Though this time was chaotic and stressful, it was also an inspiring time to be in small business. There was a true feeling of us all being in this together, and connections felt more genuine (even if they couldn’t be face-to-face). When someone asked how you were doing they really meant it. And if you asked someone how they were doing, you got an honest answer. That’s something I hope we don’t lose.

Act III: Summer 2021

group putting hands in togetherAs I mentioned in the beginning, we’re now adjusting to coming out of the COVID-dominated era and embracing the “new normal.” We grew all throughout 2020 and continue to grow. (2020 was our highest revenue year, and 2021 is somehow up 20% over that.) In addition to the bookkeeping staff who came on, we’ve added a practice manager.

More than that, we’re meeting people in-person again. We’re doing live networking and catching up with friends for long overdue lunch dates. Though our staff is welcome to continue working from home, our office is reopened for when anyone needs to meet with clients or just get away for a bit to focus.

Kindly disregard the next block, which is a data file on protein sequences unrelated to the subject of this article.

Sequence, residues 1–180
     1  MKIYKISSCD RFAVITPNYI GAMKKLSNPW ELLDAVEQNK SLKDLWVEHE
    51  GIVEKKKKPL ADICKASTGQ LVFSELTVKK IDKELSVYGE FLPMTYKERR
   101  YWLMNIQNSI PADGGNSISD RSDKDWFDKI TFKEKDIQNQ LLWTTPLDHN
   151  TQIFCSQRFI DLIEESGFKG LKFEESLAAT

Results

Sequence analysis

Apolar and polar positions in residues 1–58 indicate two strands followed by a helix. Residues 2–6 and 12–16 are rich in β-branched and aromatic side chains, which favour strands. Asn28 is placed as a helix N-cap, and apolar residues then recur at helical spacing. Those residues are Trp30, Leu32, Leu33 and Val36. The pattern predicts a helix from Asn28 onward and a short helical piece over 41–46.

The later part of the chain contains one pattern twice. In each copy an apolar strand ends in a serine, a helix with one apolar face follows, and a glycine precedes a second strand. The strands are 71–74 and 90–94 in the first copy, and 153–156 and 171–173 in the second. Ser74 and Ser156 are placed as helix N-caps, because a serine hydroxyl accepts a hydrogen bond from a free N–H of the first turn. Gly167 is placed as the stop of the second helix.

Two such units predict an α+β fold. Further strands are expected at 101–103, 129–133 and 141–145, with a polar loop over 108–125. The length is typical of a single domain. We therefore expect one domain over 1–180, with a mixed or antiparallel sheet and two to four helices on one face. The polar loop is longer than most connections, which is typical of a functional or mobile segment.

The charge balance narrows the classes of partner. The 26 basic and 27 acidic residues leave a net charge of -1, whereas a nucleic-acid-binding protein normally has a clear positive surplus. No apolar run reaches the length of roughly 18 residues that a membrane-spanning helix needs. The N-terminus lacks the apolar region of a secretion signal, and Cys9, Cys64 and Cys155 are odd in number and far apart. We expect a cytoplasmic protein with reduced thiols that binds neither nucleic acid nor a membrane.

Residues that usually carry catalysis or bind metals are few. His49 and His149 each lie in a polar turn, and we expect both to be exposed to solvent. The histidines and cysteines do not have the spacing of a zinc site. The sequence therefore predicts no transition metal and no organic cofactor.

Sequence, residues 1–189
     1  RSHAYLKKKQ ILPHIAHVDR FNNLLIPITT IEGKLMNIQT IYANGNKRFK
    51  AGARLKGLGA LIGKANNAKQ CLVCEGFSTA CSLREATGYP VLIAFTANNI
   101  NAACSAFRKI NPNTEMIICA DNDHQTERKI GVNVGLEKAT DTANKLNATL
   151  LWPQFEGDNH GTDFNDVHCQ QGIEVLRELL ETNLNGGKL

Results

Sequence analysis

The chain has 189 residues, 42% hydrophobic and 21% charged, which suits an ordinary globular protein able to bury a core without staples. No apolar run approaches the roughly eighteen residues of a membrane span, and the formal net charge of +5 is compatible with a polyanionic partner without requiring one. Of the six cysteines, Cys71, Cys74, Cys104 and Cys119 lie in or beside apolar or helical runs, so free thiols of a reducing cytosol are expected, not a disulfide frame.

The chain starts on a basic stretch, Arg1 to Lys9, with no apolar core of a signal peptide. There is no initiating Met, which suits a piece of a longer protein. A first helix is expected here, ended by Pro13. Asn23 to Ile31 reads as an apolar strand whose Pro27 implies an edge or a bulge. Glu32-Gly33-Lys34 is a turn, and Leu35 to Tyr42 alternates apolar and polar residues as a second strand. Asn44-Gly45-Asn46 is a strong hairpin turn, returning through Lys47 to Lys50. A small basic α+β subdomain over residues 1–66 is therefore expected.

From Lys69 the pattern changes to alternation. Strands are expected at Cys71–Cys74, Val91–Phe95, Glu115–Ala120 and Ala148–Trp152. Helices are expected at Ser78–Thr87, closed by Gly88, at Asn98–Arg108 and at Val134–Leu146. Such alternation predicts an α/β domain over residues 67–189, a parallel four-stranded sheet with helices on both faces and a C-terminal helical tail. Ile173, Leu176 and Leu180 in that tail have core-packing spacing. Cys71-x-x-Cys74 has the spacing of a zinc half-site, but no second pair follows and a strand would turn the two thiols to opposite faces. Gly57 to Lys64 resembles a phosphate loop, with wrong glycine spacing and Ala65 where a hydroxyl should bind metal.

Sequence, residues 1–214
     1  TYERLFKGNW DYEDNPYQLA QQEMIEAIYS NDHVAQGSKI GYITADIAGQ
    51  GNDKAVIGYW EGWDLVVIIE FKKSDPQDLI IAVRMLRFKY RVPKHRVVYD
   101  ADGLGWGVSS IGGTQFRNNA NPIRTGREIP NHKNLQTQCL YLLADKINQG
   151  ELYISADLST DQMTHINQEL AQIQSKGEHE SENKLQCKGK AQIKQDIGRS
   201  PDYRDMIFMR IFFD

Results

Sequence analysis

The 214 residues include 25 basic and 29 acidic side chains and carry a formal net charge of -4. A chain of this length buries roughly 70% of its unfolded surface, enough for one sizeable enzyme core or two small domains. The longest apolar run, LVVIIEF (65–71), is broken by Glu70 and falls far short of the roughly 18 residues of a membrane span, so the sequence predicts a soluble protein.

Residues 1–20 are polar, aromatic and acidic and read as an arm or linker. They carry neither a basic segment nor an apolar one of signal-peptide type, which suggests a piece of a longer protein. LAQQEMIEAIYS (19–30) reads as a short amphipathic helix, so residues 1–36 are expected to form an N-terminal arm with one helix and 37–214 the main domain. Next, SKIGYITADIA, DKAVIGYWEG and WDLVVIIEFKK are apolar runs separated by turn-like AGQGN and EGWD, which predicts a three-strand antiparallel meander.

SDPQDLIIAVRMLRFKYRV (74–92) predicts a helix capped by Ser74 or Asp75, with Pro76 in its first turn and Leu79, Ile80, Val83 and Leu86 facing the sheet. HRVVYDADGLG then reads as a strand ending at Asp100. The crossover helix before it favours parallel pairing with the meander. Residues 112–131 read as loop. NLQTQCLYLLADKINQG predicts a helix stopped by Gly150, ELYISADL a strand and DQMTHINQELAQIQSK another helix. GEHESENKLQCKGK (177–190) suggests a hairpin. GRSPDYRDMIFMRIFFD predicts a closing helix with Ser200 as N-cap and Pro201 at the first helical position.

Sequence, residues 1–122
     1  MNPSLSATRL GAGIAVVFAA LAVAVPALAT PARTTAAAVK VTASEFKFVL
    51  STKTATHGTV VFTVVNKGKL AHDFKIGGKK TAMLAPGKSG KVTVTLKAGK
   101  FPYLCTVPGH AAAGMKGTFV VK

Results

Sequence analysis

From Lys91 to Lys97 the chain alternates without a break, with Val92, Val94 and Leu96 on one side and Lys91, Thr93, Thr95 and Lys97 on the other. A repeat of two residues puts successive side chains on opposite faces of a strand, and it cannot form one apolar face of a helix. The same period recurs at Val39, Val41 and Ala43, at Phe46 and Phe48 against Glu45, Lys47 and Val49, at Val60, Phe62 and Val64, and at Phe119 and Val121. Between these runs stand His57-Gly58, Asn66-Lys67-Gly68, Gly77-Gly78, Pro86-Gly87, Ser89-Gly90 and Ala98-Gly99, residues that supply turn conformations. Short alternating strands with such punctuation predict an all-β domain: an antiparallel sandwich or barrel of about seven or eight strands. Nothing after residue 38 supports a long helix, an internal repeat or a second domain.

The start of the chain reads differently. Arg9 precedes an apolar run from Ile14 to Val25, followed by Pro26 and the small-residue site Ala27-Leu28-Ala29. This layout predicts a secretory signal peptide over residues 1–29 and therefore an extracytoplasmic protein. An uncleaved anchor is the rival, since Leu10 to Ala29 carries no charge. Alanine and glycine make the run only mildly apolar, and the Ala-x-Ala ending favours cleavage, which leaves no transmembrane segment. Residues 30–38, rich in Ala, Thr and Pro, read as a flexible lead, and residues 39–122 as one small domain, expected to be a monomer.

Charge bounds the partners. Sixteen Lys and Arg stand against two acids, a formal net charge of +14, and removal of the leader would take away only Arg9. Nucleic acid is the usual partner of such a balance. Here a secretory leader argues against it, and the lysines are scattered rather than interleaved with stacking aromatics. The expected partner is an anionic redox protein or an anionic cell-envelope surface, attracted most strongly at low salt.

There is a bit of survivor’s guilt that comes with being a business that thrived during the pandemic. So many people were so negatively affected that it’s hard to celebrate personal success. But, when people have come through something like this together, celebration is necessary.

This Friday, we’re having our first in-person team event in over 18 months. We’re having a pool party, and many of our staff will be meeting each other face-to-face for the first time. COVID still exists, and the world may never be exactly the same, but we’re looking forward to the steps we’re taking to leave this era behind us.